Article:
Lack of Detail in Software-Related Claims Can Mean Invalidity

January 20, 2012

James G. Goodberlet PhD

What This Means To You

  • For software-related claims, lack of detail in the claims or in the specification as to how to particularly adapt a computer can provide a basis for invalidating the claims for failing to claim patentable subject matter or as being indefinite.

Overview

In Dealertrack, Inc. v. David L. Huber, the US Court of Appeals for the Federal Circuit (Federal Circuit) held that software-related claims not tied to a particular machine in a meaningful way fail to claim patentable subject matter under the patent statute. The court also addressed indefiniteness of software-related means-plus-function claims and held that a general-purpose computer failed to provide adequate structure corresponding to the claimed functions.

Case Background

In the mid 1990s, Dealertrack developed network-based, computer-aided methods and systems for the automotive industry to facilitate the processing of auto-loan applications at auto dealerships. In 2006, Dealertrack sued Huber for infringing claims of two of Dealertrack’s patents.

Dealertrack appealed the district court’s grant of summary judgment of invalidity of claims of one of the patents for failing to claim patentable subject matter. A co-defendant in the case appealed the district court’s denial of summary judgment of invalidity of means-plus-function claims of the second patent.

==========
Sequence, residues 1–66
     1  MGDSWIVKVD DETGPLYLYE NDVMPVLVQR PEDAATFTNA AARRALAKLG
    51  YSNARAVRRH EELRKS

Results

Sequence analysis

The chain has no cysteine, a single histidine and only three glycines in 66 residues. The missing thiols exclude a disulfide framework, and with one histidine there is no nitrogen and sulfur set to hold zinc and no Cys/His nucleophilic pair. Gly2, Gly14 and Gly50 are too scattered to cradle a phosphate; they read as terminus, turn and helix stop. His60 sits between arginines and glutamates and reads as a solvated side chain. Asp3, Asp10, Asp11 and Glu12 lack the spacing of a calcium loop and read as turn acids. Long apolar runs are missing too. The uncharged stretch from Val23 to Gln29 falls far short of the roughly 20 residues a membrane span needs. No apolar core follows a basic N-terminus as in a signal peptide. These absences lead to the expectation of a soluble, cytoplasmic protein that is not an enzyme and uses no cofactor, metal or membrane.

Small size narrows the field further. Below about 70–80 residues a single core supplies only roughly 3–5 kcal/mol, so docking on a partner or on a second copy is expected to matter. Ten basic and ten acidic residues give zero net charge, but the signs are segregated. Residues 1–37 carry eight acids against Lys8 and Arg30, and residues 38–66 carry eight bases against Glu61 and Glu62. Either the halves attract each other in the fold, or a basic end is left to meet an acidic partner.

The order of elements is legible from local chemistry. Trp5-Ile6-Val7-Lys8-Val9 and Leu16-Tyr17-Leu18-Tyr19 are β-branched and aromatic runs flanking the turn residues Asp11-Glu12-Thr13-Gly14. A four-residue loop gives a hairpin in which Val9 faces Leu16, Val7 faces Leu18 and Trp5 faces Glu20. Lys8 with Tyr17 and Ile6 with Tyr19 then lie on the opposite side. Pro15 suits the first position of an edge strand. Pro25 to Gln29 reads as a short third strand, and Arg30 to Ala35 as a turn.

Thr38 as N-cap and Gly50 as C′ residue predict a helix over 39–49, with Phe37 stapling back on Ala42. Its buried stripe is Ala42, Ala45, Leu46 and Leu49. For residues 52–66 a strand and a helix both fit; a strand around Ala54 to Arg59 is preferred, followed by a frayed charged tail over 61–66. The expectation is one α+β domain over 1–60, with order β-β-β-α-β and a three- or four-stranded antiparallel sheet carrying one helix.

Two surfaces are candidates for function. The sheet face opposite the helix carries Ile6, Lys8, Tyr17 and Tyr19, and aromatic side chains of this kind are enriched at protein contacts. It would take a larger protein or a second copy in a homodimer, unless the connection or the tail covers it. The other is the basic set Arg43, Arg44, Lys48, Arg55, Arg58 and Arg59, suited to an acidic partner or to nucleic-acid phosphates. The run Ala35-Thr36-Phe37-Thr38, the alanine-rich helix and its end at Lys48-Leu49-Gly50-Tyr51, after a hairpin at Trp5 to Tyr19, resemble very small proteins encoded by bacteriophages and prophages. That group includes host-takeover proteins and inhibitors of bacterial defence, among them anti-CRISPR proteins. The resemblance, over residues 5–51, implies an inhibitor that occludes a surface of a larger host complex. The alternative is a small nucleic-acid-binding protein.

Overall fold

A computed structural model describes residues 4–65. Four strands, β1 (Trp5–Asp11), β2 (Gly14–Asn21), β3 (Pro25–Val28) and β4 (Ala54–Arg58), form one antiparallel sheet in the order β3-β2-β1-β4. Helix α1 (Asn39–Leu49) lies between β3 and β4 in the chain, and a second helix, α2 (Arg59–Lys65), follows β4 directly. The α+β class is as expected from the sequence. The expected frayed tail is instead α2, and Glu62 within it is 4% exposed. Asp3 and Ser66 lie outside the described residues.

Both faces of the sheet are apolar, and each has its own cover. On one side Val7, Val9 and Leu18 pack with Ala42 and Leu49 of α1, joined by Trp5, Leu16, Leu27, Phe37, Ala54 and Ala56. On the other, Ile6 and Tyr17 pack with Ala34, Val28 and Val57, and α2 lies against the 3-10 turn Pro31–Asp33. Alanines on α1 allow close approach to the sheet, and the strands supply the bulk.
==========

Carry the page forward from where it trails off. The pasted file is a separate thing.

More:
Decision Analysis

When evaluating the first patent, the Federal Circuit distilled the independent method claim down to three generalized “clearinghouse” steps. The court also construed hardware-related terms of the claim (“remote application entry and display device” and “remote funding source terminal devices”) as being nothing more than general purpose computers, which Dealertrack did not contest.

The court then concluded that the claims “[did] not require a specific application, nor [were] they tied to a particular machine,” and therefore found the claims to be abstract, preemptive of all clearinghouse methods, and invalid.

When evaluating the second patent’s means-plus-function claims, the court looked for structure in the specification corresponding to the claimed function and only found description of a general-purpose computer. The court failed to find sufficient disclosure, in terms of flow charts or algorithms, detailing how the computer could be adapted to perform the claimed function, and therefore found the claims invalid as lacking sufficient structure corresponding to the claimed functions.

Takeaways

When evaluating software-related claims for determining patent eligibility , look for sufficient detail in the claim as to what distinguishes the steps or elements of the claim from a general-purpose computer.

When evaluating software-related means-plus-function claims, look for sufficient detail in the specification as to how a general-purpose computer is particularly adapted to execute functions of the claims.